What Is Restorative Justice

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B. Restorative Justice There is some conceptual ambiguity in the meaning of Restorative Justice in spite of the many definitions and studies done on the subject. Restorative Justice is defined as “an ethos with practical goals, among which to restore harm by including affected parties in a (direct or indirect) encounter and a process of understanding through voluntary and honest dialogue.” Restorative Justice is primarily concerned with the restoration of victims to life before the crime, restoration of the Offender to a law -abiding life, restoration of the damage caused by crime to the community and the creation of a better society in the present and the future. Restorative justice is not easily defined because it encompasses a variety of practices at different stages of the criminal process, including diversion from court prosecution, actions taken in parallel with court decisions and meetings between victims and offenders at any stage of the criminal process. One widely-accepted definition of restorative justice was put forward by Tony Marshall which was also adopted by the United Nations Working Party on Restorative Justice,…show more content…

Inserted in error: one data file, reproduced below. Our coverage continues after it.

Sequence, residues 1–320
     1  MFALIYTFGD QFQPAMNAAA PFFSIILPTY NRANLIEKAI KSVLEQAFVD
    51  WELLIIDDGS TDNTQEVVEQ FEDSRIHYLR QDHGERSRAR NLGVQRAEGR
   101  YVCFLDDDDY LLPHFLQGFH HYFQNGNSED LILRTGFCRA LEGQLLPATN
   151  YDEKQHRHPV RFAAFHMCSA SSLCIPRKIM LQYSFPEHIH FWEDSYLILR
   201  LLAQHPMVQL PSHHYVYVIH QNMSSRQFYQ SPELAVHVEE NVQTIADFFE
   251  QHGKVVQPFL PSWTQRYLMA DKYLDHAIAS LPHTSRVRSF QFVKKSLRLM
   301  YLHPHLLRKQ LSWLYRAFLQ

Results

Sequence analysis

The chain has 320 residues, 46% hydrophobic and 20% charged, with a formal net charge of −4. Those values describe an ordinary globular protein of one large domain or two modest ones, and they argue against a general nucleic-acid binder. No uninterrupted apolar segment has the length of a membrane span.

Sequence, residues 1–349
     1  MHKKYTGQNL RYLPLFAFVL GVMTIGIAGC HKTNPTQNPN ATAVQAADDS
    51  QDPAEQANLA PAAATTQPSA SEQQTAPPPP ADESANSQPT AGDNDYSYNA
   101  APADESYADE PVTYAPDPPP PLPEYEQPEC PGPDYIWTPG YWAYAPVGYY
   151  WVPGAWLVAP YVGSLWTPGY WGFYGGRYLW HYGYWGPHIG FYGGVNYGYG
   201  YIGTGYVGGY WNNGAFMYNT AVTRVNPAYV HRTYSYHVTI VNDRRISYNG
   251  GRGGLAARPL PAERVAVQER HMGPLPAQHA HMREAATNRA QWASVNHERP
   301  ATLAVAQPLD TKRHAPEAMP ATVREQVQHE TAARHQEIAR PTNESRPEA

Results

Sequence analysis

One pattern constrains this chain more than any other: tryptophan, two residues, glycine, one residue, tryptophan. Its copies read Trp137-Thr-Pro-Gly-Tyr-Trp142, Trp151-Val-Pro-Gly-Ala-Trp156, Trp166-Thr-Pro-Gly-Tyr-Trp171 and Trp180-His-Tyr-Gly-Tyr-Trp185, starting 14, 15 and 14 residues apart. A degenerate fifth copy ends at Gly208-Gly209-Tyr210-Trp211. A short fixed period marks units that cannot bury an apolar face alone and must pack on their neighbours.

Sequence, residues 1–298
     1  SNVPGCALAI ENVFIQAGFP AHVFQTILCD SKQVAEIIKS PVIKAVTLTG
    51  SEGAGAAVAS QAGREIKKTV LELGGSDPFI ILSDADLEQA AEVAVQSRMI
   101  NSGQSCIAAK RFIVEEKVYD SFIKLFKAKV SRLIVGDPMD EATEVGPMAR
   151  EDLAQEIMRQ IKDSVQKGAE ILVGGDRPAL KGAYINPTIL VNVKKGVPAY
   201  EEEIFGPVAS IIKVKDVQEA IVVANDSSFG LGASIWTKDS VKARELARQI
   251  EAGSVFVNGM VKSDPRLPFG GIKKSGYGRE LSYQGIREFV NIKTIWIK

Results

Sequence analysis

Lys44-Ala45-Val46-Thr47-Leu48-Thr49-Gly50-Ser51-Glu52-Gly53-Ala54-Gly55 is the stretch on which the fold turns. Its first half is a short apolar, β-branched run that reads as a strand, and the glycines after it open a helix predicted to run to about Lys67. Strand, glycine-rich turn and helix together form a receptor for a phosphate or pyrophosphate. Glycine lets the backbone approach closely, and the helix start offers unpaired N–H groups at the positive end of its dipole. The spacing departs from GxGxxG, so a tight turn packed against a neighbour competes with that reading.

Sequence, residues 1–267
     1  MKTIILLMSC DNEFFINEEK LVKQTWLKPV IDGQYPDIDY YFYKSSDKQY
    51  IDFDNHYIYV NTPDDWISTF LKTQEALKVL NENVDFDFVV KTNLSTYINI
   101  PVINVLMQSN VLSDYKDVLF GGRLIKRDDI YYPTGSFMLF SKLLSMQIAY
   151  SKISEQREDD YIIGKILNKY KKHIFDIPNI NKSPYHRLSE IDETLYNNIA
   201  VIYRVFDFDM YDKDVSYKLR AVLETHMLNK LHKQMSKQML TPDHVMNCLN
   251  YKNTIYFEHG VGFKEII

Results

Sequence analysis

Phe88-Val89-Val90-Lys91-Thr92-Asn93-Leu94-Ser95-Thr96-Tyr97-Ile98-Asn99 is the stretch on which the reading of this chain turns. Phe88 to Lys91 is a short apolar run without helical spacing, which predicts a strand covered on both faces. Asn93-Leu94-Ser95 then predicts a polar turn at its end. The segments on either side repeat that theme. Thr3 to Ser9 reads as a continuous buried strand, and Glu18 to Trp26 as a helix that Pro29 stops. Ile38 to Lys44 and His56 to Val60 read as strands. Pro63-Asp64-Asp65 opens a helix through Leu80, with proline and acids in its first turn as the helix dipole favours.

He perceives crime as a “wound in human relationship” and an action that “creates an obligation to restore and repair it.” To make his understanding clear, Zehr contrasts his understanding of Restorative Justice with retributive justice and argues that retributive justice understands ‘crime’ as a “violation of the state, defined by lawbreaking and guilt, justice determines blame and administers pain in a context between the offender and the state directed by systematic rules” but restorative justice see things differently as “crime is fundamentally a violation of people and interpersonal
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